And here we see where the next layer of catastrophic systemic collapse will come from: the multi-trillion pension system, which is now invested in the riskiest imaginable products, and whose existence is contingent on a market and economy, both priced to perfection. The Fed is surely aware of this, and will do everything in its power to prevent a catastrophic collapse. Yet the Fed always loses the battle at the end of the day. And if Americans were angry the last time they had to bail out bankers, just wait until it becomes obvious that these very banks blew up the pensions of tens of millions of Americans only so that the very same banks could enjoy at least one more year of record bonuses. It is not obvious where the next crash will happen. And it is certain that nothing will be done, as facing the problem would mean recognizing the massive losses already facing the pension system. And that would be the dominoes that forces yet another round of inevitable mark-to-market, and bank implosions. The timebomb is now ticking and there are merely seconds left before it goes off. We have been warned, and will do nothing to stop it.

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seventree's picture

And another thing: this is only the fourth-riskiest investment portfolio for a pension fund in the U.S ???!!

Ye gods what do the other three look like?

downwiththebanks's picture

And who does the rating?

Lehman Brothers, probably!

Caviar Emptor's picture


It's time we added a new thread: American Retirement Assets: The Last Bastion. 

As we progress through a time of further deflation, giant holes in retirement and pension funds will become too huge to ignore, just in time for the rising ranks of retirement age Americans to begin withdrawals. 

This will be the political battleground of the century, the crucible in which the ugly reality of paper wealth and casino capitalism meets the red faces of angry Americans. And it will apply to retirement assets across the board, not only pensions but all accumulated tax-advantaged stores of wealth. Like a run on the banks, there is more than a passing chance that Americans accelerate withdrawals out of concern. And there's more than a chance that these funds will get restricted, taxed and regulated. How will Wall Street fare once the last significant pile of cash gets drawn down? Illinois will be a good test case. But there will be lots more installments to this story.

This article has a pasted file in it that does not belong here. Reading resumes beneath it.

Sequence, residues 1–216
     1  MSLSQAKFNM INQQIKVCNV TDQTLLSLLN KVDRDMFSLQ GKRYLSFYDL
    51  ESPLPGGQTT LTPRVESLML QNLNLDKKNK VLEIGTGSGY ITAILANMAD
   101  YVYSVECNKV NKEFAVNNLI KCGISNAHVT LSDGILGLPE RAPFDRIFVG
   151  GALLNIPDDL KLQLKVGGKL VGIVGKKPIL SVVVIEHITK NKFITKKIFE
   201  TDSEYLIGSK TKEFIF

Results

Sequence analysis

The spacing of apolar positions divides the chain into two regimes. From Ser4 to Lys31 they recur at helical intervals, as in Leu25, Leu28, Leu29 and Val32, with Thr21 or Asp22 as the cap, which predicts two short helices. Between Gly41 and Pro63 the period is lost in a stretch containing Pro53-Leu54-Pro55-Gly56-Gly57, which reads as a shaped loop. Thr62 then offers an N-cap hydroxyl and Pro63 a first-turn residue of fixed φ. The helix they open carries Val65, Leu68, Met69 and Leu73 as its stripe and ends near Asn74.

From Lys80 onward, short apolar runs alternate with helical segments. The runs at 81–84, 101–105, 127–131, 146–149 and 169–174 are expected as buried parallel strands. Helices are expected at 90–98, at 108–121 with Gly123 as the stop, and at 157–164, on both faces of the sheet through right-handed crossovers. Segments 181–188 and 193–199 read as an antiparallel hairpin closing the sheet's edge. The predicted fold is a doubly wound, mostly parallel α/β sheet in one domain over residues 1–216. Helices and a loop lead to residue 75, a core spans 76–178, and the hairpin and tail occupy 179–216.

DoChenRollingBearing's picture

Caviar Emptor writes good stuff.


When you see that avatar with the tin of fish eggs, wake up and read it twice!

Heed his warnings!  The end may be near and very ugly.

mrdenis's picture

And the crock of gold at the end of the rainbow for all the hard working teachers ...http://www.championnews.net/article.php?sid=1023

taineasy's picture

Why doesn't Vegas just invite all the underfunded pension fund managers to a comp weekend where its winner take all. The Mirage would be a nice venue. At least someone will come out a winner.

Renfield's picture


There are a number of pension fund managers/union bigwigs/government tools/corporate piggies that I'd like to invite somewhere for a nice weekend, or just a nice dinner - Borgia-style.